What I do on assignment for Nat Geo Traveller - Qingchenshan.

What I do on assignment for Nat Geo Traveller - Qingchenshan.

If you have been following along on my write up of my latest assignment for NGTUK, you will know that I have spent an evening in Chengdu, just hanging out, and then travelled to Dujiangyan before finally reaching The Six Senses Resort and Spa. The single ticket from Chengdu to Dujiangyan cost about 10 pence for a 45 minute trip, are you listening train services and governments, that is properly subsidised public transport. I had enjoyed my massage and facial and was now feeling refreshed and ready to continue.

Walking is best when on assignment. It is slower, allows more time to explore and really feel the location, get a handle on the atmosphere, look around, you know, be there. I was not quite prepared for the climb ahead of me though, I have lived in Asia long enough to know better. 

It isn't far to the foot of Qingchenshan from the hotel, but it is quite a trek to the top. My GPS indicated I had walked about 16km up to the top of the mountain from the resort, shuttle buses are available to the gate, but I didn't want to miss anything. Having walked all the way up, I caught the cable car back down, but was seriously feeling the fatigue later that afternoon. That is the next blog though, this one is the climb, the endless steps and the birthplace of Taoism. 

My Taiwanese family practice Taoism, it is a religion, similar to Buddhism but not quite the same, it is very popular here in Taiwan. If you want to know more I would suggest looking here: Taoism. It is an ancient philosophical, ritualistic and spiritual religion, beautiful temples are all over Taiwan, they are pretty nice to visit and very chilled to hang out in, Longshan in Taipei is my favourite in the city. On Qingchenshan there is the eldest and some of the most beautiful I have visited. Now beauty isn't always because they are colourful, beauty comes in many forms and these are beautiful because of history, and the tangible feeling you get from that, you can almost taste the history it is so thick in the air.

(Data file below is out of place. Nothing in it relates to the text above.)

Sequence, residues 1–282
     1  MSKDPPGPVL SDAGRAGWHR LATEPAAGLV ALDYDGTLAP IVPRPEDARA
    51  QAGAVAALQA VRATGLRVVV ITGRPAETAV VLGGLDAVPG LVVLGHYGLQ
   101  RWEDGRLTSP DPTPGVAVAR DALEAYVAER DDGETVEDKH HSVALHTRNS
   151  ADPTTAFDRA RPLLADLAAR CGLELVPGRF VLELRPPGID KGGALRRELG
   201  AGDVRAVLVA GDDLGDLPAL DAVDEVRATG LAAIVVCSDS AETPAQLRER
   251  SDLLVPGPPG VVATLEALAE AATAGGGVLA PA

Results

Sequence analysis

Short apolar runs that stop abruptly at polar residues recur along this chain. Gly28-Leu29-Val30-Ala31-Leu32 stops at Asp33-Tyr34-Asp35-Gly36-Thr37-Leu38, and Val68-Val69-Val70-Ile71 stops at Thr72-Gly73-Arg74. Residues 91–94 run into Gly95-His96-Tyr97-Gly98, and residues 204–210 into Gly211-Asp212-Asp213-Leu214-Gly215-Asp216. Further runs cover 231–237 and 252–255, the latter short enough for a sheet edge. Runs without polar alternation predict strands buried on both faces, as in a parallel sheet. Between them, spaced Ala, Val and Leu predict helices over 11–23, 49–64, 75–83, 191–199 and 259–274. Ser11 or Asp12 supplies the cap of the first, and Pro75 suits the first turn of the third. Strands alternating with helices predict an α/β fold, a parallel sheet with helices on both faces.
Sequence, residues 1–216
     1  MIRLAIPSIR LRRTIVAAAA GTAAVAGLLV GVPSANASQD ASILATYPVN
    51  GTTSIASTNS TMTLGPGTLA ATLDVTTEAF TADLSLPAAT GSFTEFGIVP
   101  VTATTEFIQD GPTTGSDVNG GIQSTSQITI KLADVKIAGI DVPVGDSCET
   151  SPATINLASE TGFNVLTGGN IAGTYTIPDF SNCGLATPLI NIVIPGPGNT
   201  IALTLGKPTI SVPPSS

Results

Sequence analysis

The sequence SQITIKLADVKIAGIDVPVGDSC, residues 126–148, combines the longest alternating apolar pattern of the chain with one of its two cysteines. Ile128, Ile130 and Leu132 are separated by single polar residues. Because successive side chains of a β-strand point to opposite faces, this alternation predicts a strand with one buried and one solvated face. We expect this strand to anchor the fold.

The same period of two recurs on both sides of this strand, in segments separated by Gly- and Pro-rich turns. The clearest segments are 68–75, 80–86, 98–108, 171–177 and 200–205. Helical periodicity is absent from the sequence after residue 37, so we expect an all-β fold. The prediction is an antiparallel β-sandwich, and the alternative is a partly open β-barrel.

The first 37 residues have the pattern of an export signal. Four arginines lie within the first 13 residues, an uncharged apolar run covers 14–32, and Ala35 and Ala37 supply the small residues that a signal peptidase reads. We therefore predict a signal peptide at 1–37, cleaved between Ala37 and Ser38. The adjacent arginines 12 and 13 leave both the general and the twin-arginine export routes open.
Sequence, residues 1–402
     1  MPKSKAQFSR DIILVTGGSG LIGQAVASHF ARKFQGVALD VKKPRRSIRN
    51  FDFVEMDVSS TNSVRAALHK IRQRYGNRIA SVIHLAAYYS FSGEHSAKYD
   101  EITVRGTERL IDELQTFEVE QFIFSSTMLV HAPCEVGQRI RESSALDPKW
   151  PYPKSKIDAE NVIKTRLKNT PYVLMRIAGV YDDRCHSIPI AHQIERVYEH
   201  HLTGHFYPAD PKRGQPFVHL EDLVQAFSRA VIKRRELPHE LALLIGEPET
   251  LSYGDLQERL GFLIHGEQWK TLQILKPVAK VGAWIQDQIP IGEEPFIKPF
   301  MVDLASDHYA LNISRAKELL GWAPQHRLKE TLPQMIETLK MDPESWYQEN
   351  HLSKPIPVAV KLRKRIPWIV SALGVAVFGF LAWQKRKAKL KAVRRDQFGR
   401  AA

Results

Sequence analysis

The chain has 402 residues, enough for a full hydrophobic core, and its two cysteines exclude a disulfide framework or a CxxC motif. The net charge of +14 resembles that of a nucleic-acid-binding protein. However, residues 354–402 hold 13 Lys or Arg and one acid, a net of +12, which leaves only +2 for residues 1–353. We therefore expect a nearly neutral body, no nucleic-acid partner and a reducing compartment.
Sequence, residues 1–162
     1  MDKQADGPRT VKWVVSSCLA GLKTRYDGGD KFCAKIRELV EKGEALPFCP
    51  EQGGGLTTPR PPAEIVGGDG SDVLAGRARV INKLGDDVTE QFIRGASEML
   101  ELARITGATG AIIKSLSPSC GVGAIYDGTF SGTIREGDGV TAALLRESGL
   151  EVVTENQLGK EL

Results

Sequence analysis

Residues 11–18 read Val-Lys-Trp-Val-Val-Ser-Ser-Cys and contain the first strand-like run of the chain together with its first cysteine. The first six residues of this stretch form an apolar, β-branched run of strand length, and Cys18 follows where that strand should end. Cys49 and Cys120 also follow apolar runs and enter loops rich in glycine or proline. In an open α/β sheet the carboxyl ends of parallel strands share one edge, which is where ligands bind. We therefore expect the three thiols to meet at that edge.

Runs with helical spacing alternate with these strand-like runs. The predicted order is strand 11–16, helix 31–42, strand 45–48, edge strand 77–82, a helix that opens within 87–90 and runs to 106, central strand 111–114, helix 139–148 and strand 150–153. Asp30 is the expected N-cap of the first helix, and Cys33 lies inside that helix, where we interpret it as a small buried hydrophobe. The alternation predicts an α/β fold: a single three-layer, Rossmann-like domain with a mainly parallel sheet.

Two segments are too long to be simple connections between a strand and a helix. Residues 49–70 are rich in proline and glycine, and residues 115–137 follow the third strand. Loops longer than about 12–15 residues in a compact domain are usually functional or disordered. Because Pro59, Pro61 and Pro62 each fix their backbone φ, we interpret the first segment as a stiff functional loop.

So I will start at the foot of the Mountain and the walk to the gate...

A beautiful sea of yellow lines the shaded pathway to the start of the climb.

There are other options of places to stay, it is pretty, but it isn't The Six Senses.

The first gateway, it's not too much further to the top from here, only another 13km!

Through this and there is a chance to see your first temple, grab a bite and then head to the ticket office.

Entrance to Jianfu Palace, notice the restaurant and shop to the left.

The ticket office is just that, not too exciting but I was amused to see the throbbingly busy and well stocked tourist information booth...

And so with ticket, map and GPS I set off...

I would not advise making a purchase before you climb the many many steps, purchase on the way back and have less far to carry it.